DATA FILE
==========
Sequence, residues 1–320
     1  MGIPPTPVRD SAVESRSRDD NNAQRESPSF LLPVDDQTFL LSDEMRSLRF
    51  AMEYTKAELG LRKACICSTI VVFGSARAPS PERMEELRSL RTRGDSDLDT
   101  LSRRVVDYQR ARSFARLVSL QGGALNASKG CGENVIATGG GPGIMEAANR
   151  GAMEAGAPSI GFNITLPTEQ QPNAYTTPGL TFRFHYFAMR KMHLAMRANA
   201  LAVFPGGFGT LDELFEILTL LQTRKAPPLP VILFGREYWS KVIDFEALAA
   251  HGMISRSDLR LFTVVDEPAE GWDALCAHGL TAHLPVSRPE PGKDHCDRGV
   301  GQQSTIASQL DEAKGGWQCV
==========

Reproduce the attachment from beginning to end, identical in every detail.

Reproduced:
Sequence, residues 1–320
     1  MGIPPTPVRD SAVESRSRDD NNAQRESPSF LLPVDDQTFL LSDEMRSLRF
    51  AMEYTKAELG LRKACICSTI VVFGSARAPS PERMEELRSL RTRGDSDLDT
   101  LSRRVVDYQR ARSFARLVSL QGGALNASKG CGENVIATGG GPGIMEAANR
   151  GAMEAGAPSI GFNITLPTEQ QPNAYTTPGL TFRFHYFAMR KMHLAMRANA
   201  LAVFPGGFGT LDELFEILTL LQTRKAPPLP VILFGREYWS KVIDFEALAA
   251  HGMISRSDLR LFTVVDEPAE GWDALCAHGL TAHLPVSRPE PGKDHCDRGV
   301  GQQSTIASQL DEAKGGWQCV